BY JANET MANDELSTAM
It’s well known that obesity increases the risk of health complications for the more than 25 million Americans with diabetes. And Barbara Murray, a dietician and counselor at the IU Health Diabetes Center in Bloomington, knows it can be difficult for diabetics and prediabetics to lose weight. “High-calorie food is available so easily now,” she says. “It’s easy to go to a restaurant, but it takes time to buy and prepare fresh foods.”
Murray works with diabetic and prediabetic patients who are referred to the center by their physicians. At the first visit, she will take a history of what the patient eats “and what they are willing to change about their lifestyle” in four areas: food, exercise, stress management, and medications.
It’s important for patients “to do some form of tracking their intake of food,” Murray says. “That helps them see certain triggers and make changes.” It’s also important, she says, because “studies show that most people underestimate their calorie intake.”
“We look at the high-fat foods in the diet and work to bring down the fat content,” Murray says. She encourages her patients to eat regular meals, including breakfast. “Don’t skip it, or you will overeat later.” And she advocates a greater intake of high-fiber foods, which “help you feel fuller with fewer calories” and can help lower blood sugar levels.
Exercise is the other significant factor in weight loss. Murray emphasizes the importance of doing some form of physical movement to burn calories and work on blood pressure control. “Start an easy walking program and gradually bump it up,” she recommends.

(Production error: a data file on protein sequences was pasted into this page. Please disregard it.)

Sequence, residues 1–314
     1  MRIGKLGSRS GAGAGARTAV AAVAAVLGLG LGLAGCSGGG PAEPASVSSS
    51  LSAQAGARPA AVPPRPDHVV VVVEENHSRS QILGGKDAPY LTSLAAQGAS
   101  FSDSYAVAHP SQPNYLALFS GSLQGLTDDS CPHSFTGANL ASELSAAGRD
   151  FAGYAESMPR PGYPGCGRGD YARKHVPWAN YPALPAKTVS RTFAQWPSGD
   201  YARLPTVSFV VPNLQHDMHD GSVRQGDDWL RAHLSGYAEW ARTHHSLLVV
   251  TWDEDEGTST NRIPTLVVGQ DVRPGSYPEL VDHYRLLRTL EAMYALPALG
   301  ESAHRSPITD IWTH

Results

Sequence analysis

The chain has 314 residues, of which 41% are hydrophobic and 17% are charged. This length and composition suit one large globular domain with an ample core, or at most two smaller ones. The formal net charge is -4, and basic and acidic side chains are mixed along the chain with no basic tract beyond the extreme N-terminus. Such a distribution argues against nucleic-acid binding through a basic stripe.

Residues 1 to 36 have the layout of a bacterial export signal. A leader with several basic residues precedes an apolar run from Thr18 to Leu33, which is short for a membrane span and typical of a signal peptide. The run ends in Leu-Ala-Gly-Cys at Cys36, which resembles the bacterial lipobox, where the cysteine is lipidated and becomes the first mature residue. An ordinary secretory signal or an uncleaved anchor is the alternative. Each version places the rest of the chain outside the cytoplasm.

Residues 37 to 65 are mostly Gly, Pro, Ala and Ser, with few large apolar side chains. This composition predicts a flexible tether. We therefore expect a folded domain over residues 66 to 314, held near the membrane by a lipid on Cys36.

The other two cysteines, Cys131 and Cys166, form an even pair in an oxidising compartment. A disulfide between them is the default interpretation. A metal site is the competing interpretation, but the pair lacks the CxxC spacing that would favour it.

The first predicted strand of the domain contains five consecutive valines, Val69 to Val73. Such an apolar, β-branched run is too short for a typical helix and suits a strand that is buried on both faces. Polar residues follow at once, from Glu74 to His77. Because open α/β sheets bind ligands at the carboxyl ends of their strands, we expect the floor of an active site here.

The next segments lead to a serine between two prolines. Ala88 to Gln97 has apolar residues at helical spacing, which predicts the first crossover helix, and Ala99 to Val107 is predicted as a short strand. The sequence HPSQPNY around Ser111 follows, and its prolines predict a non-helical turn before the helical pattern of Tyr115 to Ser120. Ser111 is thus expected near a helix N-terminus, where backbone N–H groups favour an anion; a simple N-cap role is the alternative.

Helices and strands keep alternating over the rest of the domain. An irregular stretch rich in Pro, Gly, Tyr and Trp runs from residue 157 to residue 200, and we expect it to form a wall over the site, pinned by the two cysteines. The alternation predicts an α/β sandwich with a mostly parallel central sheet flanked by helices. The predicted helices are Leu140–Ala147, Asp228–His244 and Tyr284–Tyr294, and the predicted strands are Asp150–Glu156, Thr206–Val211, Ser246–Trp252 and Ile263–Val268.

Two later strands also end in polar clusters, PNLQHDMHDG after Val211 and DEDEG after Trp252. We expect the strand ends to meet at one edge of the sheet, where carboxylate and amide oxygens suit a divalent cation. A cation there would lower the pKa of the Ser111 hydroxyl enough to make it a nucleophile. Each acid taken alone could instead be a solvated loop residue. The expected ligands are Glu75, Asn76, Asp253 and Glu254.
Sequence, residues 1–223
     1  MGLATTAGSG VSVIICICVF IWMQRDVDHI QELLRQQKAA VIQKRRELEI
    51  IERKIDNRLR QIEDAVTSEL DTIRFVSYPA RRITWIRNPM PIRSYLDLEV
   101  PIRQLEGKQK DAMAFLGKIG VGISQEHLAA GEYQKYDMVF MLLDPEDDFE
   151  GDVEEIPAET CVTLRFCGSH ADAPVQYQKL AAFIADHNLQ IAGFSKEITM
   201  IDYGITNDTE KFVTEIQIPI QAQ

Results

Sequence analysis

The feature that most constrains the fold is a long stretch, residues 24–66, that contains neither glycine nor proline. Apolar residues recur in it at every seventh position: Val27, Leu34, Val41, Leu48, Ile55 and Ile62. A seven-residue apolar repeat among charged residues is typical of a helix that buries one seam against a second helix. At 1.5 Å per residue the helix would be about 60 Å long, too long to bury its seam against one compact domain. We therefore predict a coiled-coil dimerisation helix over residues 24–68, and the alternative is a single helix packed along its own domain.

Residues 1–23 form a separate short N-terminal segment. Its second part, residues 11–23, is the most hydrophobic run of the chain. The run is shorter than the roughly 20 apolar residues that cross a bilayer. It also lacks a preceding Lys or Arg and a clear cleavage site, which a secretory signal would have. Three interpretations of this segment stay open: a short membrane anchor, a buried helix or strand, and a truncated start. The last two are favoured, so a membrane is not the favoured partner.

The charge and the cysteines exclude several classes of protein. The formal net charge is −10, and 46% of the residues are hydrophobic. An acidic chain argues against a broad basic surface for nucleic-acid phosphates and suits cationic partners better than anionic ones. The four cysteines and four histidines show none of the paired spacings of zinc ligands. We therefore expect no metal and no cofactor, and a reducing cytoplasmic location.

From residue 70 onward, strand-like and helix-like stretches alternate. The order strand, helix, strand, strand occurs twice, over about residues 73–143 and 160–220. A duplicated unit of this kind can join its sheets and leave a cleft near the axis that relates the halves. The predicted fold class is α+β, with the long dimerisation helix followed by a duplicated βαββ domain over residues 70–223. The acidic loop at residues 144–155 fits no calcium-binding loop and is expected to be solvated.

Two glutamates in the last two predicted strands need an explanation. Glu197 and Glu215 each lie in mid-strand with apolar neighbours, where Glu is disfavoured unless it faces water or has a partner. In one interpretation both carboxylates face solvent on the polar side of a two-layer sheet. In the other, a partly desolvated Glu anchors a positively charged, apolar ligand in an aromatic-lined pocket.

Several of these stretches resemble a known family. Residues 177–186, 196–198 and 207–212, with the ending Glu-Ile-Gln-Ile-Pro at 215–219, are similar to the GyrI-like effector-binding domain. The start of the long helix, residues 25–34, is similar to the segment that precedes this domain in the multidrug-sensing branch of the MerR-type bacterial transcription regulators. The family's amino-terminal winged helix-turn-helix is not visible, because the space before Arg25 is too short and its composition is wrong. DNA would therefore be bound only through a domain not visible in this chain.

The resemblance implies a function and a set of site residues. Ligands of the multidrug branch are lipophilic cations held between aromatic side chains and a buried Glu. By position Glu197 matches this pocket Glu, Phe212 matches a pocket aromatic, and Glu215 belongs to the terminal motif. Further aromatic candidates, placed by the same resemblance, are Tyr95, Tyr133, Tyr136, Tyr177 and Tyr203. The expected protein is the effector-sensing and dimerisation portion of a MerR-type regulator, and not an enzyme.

It’s also important to have social support while losing weight, “to be around people who are eating healthily.” The Diabetes Center offers a monthly support group; Murray and Tammy Morrison, a registered nurse, conduct a diabetes clinic at the Bloomington office of Volunteers in Medicine; and Morrison teaches a diabetes prevention class at the center.
A new area of study, Murray says, is the effect that sleep has on weight. A lack of adequate sleep can make it harder to manage stress, which, in turn, can lead to overeating. She urges patients to consult a physician if they experience sleep problems.
Murray notes that it’s harder to keep weight off than to lose it, and easy to fall back into old habits, especially under stress. “Relapse is part of the process,” she says. “It’s going to happen, but don’t give up; don’t develop negative thinking.” Rather, “have a plan for getting back on the program.”